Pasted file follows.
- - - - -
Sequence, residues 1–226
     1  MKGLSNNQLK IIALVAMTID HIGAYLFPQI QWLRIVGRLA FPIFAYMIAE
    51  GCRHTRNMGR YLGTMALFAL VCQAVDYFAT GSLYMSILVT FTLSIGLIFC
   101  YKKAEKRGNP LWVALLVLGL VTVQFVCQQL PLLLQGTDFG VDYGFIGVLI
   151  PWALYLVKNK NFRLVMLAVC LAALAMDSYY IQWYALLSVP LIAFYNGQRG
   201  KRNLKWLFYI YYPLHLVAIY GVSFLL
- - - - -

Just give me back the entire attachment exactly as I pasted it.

Sequence, residues 1–226
     1  MKGLSNNQLK IIALVAMTID HIGAYLFPQI QWLRIVGRLA FPIFAYMIAE
    51  GCRHTRNMGR YLGTMALFAL VCQAVDYFAT GSLYMSILVT FTLSIGLIFC
   101  YKKAEKRGNP LWVALLVLGL VTVQFVCQQL PLLLQGTDFG VDYGFIGVLI
   151  PWALYLVKNK NFRLVMLAVC LAALAMDSYY IQWYALLSVP LIAFYNGQRG
   201  KRNLKWLFYI YYPLHLVAIY GVSFLL